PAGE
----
LONDON – EGYPTAIR has informed PETA U.S. that it is no longer in the business of transporting monkeys from Africa and Asia to laboratories in the U.S. and elsewhere.
This week’s announcement by animal rights group PETA is a positive result which has followed a three-month intensive campaign by the group to raise awareness across the aviation sector.
PETA have staged protests in the U.S. at John F. Kennedy International Airport (JFK) in New York and Dulles International Airport in Washington, D.C. The protest events were also held at the key European airports of Frankfurt, London, Manila, and Paris.
The group ‘s campaign also included e-mails from more than 100,000 supporters of PETA entities; hundreds of phone calls; and online advertisements. PETA Asia also sent T-shirts and coffee mugs – emblazoned with artwork calling on the airline to stop cruel monkey shipments – to EGYPTAIR’s executives and sent an open letter to its CEO to company employees.
In concert with the PETA-led campaign, other organizations, including Action for Primates in the U.K., Stop Camarles in Spain, and One Voice in France, also campaigned to end the shipments.
PETA management statement
“EGYPTAIR’s decision will prevent thousands of monkeys from being ripped from their families, shoved into tiny boxes, and shipped around the globe to endure misery and death in laboratories,” says PETA Vice President Dr. Alka Chandna. “Any other airline considering getting into this trade should think again—PETA is watching.”
Airlines move to end transportation
In January, Kenya Airways announced it was ending its transport of monkeys to laboratories just 24 hours after discussions with PETA, and in June, Air France banned the practice after a decade-long campaign by PETA.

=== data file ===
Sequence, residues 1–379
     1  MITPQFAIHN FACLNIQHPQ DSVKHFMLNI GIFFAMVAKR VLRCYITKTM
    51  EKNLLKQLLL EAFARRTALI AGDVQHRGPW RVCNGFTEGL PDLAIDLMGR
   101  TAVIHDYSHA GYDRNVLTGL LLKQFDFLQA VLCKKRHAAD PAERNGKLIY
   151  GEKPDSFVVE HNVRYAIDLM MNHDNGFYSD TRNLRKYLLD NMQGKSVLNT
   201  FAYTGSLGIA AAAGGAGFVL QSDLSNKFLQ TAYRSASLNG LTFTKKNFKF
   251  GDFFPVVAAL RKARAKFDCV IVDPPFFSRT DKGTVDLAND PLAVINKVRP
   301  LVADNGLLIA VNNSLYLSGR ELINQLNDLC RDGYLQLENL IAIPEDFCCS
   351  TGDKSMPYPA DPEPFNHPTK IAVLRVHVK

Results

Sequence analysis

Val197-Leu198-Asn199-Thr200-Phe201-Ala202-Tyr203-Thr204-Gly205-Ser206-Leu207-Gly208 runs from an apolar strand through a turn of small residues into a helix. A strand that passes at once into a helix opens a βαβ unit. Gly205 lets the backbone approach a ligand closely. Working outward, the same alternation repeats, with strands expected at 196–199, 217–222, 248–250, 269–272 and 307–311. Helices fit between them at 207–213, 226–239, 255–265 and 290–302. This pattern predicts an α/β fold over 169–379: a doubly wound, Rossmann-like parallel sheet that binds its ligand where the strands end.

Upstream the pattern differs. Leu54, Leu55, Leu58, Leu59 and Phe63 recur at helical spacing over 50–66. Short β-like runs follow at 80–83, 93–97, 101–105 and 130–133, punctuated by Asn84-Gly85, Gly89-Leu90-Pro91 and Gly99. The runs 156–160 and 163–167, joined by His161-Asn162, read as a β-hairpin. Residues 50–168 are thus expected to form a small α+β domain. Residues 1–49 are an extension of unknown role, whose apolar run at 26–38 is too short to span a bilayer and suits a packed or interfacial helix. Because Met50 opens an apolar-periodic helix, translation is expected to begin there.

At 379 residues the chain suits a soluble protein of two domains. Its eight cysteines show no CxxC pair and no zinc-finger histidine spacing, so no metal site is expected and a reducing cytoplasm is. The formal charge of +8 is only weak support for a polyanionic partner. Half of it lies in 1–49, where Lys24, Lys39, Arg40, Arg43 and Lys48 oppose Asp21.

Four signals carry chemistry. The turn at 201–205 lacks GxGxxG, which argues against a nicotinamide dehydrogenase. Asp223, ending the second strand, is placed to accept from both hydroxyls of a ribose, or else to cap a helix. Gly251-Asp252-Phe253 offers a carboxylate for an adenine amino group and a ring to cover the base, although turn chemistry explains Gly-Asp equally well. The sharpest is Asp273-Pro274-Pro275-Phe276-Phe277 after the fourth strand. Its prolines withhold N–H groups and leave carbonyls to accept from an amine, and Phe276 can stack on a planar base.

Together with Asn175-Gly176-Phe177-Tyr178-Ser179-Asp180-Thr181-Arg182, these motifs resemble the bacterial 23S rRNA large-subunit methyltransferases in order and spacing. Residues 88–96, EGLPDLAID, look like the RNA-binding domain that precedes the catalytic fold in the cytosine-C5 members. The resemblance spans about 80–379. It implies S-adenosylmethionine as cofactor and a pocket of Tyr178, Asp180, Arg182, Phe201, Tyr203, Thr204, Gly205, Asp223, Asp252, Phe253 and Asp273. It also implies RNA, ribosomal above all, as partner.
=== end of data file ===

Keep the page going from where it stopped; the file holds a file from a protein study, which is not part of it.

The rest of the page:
Prior to the recent decision by EGYPTAIR to follow suit and terminate such uplifts, airline industry insiders had alerted PETA to a shipment of 720 macaques flown by EGYPTAIR from Cambodia to JFK on April 30.
Records show that the airline has flown 5,000 monkeys into the U.S. since March this year.
Animal cruelty & the trade in wildlife
The macaque wildlife trade is steeped in violence and disease. A vast monkey-abduction pipeline has been funnelling hundreds of thousands of wild-caught monkeys into the U.S.
One species of monkey transported by EGYPTAIR was the long-tailed macaque. Last month, the International Union for Conservation of Nature upgraded the conservation status of long-tailed and pig-tailed macaques from “vulnerable” to “endangered.”
The exploitation of these once-plentiful species as part of the international wildlife trade involving experimenters in the U.S. is a major factor in their dramatic population crash.
PETA notes that the National Institutes of Health and the U.S. Food and Drug Administration (FDA) admit that 95% of all new drugs that test safe and effective in animals are either unsafe or ineffective in humans.
PETA scientists’ Research Modernization Deal provides a strategy for replacing animals with modern, human-relevant research methods.
The group supports the FDA Modernization Act, which would eliminate the agency’s mandate to require tests on animals in drug testing.
The recent decision by EGYPTAIR to refrain from carrying research animals is a further victory for animal rights. In general, airlines and commercial carriers have increasingly refused to fly research animals.
This follows more than 2 decades of pressure from animal rights groups, NGOs and the general public. Campaigns first began in the United Kingdom in the 1990s, with protests at airports against the transport of monkeys and other nonhuman primates.
PETA began its own awareness campaigns in the United States about 8 years ago.